SCARBOROUGH — The Long Range Planning Committee is seeking public input on a 2020 update to the Town of Scarborough Comprehensive Plan, described as a prescriptive document for the town’s future use.

The final of three virtual public forums will take place on Dec. 1 at 6 p.m.

The Comprehensive Plan draft is located on the town’s website Jay Chace, town planner, said in a presentation that played during the first public forum on Nov. 17. The second public forum took place on Nov. 19.

In the presentation, David Merrill of the Long Range Planning Committee said that the Comprehensive Plan is a culmination of input from residents, town committees and local organizations. The plan uses data from local, state and national sources to inform the process.

“The plan reflects a vision of Scarborough and presents a blueprint for a sustainable future that reflects the priorities and values of the community,” he said.

A community vision is the plan’s starting point, Chace said. The last Comprehensive Plan was adopted by the Town Council in July of 2006.


“In many ways the 2006 plan was a very prescriptive plan that described exact measures for the community to embrace in moving forward,” he said. “The 2020 Comprehensive Plan has taken a different tactic in really thinking about systems and seeks a more synergistic approach to the diverse range of activities that occur within the town between development, preservation of open space, traffic, housing choices, while thinking about the impacts on not only our residents but on the municipal capacity to serve the future needs.”

Because the plan is a visionary document, not everything included is expected to happen quickly or all at once, Chace said. In the future, the town can look to the plan when drafting policies.

A series of vision statements have been drafted from the plan that help to achieve a focus on sustainable development, according to the draft. These vision statements include “The Scarborough Marsh is central to the Town’s identity; Future land use patterns will create opportunities; Our ordinances will support the diversity and character; Scarborough’s economy will support a broad assortment of companies; and Scarborough’s transportation network will support current and future land uses.”

A comprehensive plan survey completed by 564 takers showed that fiscal sustainability was a preferred principle, said Karen Martin, director of the Scarborough Economic Development Corporation. The survey showed 68 percent favored the principle over eight other guiding principles: authentic, bold, connected, engaged, healthy, stewardship, vibrant and welcoming.

During the Nov. 17 public forum, Long Range Planning Committee members, Chace and Martin were available to listen to feedback and answer questions.

Questions raised by residents involved the use of specific words in the plan and goals for districts within Scarborough.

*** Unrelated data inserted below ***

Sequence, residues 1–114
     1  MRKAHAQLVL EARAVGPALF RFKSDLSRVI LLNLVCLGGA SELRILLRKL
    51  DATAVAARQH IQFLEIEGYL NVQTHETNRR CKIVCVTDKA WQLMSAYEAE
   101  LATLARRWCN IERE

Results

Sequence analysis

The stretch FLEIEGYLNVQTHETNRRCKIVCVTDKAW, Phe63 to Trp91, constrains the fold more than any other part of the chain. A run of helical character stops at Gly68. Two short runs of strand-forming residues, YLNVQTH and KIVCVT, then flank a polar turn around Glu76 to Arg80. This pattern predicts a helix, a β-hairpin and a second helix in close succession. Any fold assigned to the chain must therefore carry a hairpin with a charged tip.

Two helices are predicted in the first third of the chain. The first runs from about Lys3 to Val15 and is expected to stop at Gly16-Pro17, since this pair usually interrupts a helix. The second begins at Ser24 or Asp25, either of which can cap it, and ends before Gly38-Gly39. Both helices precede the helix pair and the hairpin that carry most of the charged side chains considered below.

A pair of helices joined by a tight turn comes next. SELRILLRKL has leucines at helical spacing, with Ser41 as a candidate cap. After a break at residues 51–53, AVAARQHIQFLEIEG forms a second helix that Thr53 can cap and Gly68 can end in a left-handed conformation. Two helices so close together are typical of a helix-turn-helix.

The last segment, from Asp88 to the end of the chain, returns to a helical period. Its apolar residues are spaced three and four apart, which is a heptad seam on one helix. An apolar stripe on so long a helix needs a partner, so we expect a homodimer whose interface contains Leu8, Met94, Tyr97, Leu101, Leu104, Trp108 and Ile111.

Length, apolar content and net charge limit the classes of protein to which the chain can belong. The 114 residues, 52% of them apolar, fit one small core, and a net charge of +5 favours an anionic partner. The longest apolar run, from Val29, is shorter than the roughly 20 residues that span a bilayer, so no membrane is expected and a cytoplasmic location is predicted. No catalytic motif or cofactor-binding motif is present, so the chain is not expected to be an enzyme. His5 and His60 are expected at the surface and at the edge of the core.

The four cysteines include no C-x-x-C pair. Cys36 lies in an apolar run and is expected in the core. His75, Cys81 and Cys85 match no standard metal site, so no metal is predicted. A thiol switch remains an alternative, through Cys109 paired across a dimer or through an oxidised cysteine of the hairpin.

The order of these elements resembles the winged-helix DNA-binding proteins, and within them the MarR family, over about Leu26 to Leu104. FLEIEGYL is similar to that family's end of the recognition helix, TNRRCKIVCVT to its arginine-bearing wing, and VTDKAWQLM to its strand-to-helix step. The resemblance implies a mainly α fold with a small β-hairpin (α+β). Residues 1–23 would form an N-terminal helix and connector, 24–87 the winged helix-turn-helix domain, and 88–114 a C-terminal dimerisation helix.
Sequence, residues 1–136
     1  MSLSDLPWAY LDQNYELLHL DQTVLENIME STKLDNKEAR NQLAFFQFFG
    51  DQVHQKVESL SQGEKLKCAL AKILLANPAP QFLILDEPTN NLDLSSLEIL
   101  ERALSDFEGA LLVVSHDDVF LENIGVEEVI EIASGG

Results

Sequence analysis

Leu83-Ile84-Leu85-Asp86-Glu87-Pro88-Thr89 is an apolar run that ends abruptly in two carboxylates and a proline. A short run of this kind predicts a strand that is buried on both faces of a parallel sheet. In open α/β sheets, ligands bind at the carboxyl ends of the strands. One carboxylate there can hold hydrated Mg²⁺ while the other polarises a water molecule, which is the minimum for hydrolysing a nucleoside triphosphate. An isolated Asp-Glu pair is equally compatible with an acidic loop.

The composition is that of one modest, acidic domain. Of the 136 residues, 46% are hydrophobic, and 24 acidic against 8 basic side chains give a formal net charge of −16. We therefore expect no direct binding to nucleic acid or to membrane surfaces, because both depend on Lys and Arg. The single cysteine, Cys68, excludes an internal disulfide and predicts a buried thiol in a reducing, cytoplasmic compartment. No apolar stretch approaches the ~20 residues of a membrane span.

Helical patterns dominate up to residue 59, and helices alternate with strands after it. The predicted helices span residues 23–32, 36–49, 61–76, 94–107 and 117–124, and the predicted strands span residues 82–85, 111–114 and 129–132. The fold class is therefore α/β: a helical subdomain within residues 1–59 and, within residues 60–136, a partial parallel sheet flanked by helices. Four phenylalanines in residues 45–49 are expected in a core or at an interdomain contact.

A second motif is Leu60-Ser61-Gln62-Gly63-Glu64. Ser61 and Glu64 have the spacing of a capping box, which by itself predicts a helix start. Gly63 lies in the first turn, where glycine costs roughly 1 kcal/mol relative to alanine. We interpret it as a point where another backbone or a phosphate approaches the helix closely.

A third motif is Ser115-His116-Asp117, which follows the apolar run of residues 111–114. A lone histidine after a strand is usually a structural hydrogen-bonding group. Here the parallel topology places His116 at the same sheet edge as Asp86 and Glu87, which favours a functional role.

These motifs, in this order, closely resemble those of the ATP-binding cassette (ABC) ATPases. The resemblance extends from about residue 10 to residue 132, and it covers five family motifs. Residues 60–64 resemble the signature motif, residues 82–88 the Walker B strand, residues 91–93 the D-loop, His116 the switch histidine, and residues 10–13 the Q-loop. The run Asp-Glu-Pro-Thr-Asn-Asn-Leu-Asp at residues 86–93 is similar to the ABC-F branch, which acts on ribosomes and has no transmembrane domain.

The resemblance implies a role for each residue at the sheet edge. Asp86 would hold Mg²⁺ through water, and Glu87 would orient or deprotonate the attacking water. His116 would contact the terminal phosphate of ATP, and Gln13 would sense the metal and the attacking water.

Resident James Damicis said he thinks the plan is very readable and likes that the plan begins with principles and a vision.

He said that COVID-19 and other factors have greatly changed Scarborough since the draft was created, noticing that public facilities like the Eastern Trail have seen more use.

“Going forward, I do think it would be great on a community level to talk about how what’s going on is very compatible with the Comprehensive Plan and adds significant value to the quality of life and the business community,” he said.

One resident, Alyson Bristol of Higgins Beach, was concerned about the Comprehensive Plan labelling Higgins Beach as a village growth sector.

“I think tagging it as a growth sector implies that additional rezoning is going to be done and additional, perhaps commercial businesses would be allowed at Higgins Beach, which would not be a plus at least in my estimation,” she said. “And the broadness of the comprehensive plan kind of allows that … I think it would be better off, if you want to keep it clean, just not call Higgins Beach a village, because the zoning’s already in place.”

Jean-Marie Caterina, committee member and town councilor, told the public that anyone could also email her at [email protected] if that was a more comfortable option to provide input.


“We’re looking for your feedback,” she said. “We’re looking for your input on things you like about it, some things maybe you’d like to see in it, any changes.”

Councilor Betsy Gleysteen who attended the meeting in the public section, emphasized that the council was there to listen to people’s input. The entire Town Council can be reached at [email protected]

On Nov. 18, the Town Council held a workshop on the update, listened to feedback from the Nov. 17 forum, and discussed next steps.

Those interested in attending the final Zoom meeting can visit the Town of Scarborough’s homepage for a link.

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